While I don't disagree with what others have said about thrift stores, such as Goodwill, their problem is that they're not very good about keeping their clothes in the right size categories. You never know what condition they're in. You also don't know the vintage. On the other hand, that can be an advantage in finding something from an earlier era that appeals to you. I have also found some insanely great bargains. In larger cities, Goodwill has boutiques where the better items are sent at prices closer to resale prices than thrift stores. On the other hand, a silk, Pendleton dress in excellent/like new condition for $40-50 is still a screaming deal! And they will let you try things on. Most have unisex fitting rooms.
Off-price stores, such as Ross Dress for Less or TJ Maxx, are great places to find new, up-to-date, brand-name items at resale store, or less, prices. A large percentage of my oversized wardrobe came out of those stores. Partly because I figure anything for $10 or $20 that's at all appealing or different is worth the chance. Anything over $40 has got to really jump off the rack and tell me I can't live without it! As I said, I've taken a LOT of their merchandise off their hands.
Department stores are very discriminatory: the only color that interests them is GREEN (money). They've almost always got something on sale. Their associates will gladly help you find whatever you're looking for. And they'd rather you try it on in the store and get the size and look right than buy it and return it.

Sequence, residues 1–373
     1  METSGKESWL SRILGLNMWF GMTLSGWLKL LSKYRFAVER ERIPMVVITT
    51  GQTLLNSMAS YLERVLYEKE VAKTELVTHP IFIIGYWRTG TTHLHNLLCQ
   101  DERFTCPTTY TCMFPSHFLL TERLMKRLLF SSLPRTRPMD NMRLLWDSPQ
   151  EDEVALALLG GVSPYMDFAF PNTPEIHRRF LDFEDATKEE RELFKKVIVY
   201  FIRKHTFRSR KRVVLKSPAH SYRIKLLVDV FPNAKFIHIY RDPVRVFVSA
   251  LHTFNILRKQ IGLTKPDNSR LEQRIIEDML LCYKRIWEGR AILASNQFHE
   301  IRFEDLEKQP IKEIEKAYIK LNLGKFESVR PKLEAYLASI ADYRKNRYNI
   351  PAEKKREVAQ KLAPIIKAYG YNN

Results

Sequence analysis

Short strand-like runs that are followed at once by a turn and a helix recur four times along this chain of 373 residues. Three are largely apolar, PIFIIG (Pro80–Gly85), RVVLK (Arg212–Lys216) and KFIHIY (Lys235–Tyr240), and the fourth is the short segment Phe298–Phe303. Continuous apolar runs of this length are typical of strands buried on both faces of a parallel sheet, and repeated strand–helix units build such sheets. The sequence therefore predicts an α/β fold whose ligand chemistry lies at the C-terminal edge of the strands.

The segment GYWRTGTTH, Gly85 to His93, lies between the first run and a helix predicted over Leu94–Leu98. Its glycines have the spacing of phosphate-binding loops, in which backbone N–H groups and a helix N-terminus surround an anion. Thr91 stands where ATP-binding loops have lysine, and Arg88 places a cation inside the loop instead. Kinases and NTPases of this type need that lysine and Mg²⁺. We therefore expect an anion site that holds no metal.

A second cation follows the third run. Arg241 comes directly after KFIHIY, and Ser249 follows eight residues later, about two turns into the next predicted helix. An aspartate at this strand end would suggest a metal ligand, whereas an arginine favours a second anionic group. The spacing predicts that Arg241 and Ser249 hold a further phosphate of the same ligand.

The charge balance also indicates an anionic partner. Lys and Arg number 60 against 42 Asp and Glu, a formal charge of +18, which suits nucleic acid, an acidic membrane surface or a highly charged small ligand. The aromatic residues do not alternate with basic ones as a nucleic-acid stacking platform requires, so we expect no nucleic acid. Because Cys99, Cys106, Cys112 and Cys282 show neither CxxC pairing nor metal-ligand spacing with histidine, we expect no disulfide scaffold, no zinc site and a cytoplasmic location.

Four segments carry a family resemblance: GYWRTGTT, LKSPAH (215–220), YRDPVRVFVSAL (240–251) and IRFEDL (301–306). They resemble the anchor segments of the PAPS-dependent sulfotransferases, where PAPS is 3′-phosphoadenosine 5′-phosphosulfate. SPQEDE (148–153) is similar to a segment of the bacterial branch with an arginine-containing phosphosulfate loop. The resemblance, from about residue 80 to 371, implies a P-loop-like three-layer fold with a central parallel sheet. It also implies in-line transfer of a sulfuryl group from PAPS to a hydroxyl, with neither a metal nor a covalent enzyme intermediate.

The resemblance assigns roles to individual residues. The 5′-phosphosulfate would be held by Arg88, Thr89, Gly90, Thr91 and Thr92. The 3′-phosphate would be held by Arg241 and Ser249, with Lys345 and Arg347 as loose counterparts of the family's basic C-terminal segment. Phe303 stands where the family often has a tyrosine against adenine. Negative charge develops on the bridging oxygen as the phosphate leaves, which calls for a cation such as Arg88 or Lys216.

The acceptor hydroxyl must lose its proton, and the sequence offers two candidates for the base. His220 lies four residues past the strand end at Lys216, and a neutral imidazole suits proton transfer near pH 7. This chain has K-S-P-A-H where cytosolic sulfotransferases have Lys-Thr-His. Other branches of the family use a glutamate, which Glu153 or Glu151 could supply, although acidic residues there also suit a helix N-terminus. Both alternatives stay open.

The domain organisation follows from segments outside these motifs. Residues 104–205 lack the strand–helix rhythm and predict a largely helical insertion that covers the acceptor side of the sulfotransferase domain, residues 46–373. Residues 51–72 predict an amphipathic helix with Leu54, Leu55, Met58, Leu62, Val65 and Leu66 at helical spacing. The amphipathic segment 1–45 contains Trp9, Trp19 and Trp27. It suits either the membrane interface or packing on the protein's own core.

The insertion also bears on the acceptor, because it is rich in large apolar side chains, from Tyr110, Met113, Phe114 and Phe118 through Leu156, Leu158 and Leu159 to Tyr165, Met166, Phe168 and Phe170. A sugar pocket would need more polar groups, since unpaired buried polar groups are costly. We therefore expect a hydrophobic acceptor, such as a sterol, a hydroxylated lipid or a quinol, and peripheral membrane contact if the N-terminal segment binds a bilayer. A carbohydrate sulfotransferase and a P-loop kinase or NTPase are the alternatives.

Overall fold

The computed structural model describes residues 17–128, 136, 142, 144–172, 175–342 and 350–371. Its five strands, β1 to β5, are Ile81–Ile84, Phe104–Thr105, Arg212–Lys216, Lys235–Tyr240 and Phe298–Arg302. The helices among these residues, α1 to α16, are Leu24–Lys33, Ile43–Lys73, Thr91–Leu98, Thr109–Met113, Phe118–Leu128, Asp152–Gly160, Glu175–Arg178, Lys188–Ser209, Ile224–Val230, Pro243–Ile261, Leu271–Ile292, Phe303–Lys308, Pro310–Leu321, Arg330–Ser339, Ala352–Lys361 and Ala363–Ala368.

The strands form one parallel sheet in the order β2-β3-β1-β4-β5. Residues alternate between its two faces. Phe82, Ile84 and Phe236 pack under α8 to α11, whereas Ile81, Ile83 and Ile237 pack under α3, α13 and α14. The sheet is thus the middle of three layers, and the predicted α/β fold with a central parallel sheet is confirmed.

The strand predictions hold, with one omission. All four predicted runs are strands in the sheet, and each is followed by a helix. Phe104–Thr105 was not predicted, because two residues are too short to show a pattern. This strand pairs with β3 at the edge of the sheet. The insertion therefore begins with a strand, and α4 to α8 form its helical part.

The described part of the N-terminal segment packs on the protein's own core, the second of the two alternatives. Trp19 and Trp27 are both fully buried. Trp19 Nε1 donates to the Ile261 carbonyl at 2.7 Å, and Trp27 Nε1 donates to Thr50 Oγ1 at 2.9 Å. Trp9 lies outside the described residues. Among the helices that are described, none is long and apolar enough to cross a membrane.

Lastly, there are resale and consignment sites online as well as the online sites of all of the major department stores. What you have to keep in mind is that, especially with the resale sites, you could easily pay double the shipping fee for the right to try on the item. Women's sizes changed a year or two ago so, for instance, what was a 14 in the old system is now a 12. Better yet, there is also the phenomenon known as vanity sizing, where the manufacturer purposely puts a lower size on the item so the buyer can fool themselves into thinking they're thinner than they really are.
Finally, there is the eccentricities of design. Maybe you've found a size in a label that fits you perfectly so you pick an item of that brand with a very different design to it and you can't even get into it! Blame it on the cut. This is more likely to be an issue with dresses and I know you only want to wear skirts for their practicality, but once you venture into a new neighborhood, you never know how far you'll go!
Good luck and have fun!
David, the PDX Fashion Pioneer
Social norms aren't changed by Congress or Parliament; they're changed by a sufficient number of people ignoring the existing ones and publicly practicing new ones.